You already have a smartphone, why not load ebook software to the smartphone and be done with it? You can even load Kindle and Nook software to the smart phone and shop their ebook stores as if you had purchased the actual device.

  3. I absolutely love my kindle, but if you want to read PDFs, it’s not really a good option. PDFs are specifically designed to mimic paper with a specific size and layout and generally, they don’t show well at all on a kindle. You can convert them, but the untweaked result is often lacking because the PDF was poorly created in the first place. For example, I’ve come across several where the end of each line has a paragraph return and when converted you end up with every line being a separate paragraph. Another common conversion problem is there being no space between the last word in an original line and the first word in the next line. So the first paragraph of your post would read “because I’ve beenwaiting a while now”

    If I want something that’s in PDF, I generally extract the text as html, look at where the original creator has sinned in layout, do a bunch of global search and replaces in a text editor, and rebuild the document as a mobi file from the HTML.

    Epub, on the other hand, is easily converted with a program like Calibre. Though if its protected epub, you’d have to strip the DRM which is probably technically illegal. I never really worry about it because the big reason I went for the kindle was I couldn’t remember the last time I bought a book that wasn’t from Amazon.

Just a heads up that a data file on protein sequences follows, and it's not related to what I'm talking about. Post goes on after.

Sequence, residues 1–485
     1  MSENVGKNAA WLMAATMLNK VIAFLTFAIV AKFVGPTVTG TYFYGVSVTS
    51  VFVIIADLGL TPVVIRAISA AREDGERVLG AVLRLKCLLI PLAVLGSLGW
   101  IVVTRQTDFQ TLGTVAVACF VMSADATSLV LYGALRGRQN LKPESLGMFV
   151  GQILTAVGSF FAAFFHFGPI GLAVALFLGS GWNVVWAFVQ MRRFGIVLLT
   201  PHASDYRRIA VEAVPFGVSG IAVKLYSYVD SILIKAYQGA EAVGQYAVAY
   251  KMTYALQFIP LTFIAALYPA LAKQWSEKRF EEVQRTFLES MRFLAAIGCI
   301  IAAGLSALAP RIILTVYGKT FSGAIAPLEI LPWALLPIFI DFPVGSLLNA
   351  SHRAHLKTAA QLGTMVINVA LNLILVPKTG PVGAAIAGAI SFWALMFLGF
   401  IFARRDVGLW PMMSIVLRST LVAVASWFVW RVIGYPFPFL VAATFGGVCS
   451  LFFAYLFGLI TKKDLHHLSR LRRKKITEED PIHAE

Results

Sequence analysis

4. Actually, I have the Kindle and Nook apps on my iPhone along with one or two others. And they work reasonably well. However, for extended reading the small screen leaves me longing for a bit more room, or a screen that doesn’t cause weird breaks in the flow of reading. (At least, it seems that way to me.)

    Between the iPad and the Kindle, it’s a choice between something things already done by stuff I already have, and something that only does one thing and (I think) does it better than the what I’m currently using for that function. When the Kindle first came out, the cost was prohibitive as far as I was concerned. Now, I think the price is right, and the upgrade worth it.

  5. I love LOVE LOVE my Kindle. The iPad is the wrong size for extended reading. I also love amazon’s site kindle.amazon.com – your highlights and notes are all available there so if you are, as for example, blogging and want to copy a quote, you can copy and paste and don’t have to retype the whole thing. The kindle is also great for taking with you, the screen doesn’t wash out in the sunshine . . . it’s great.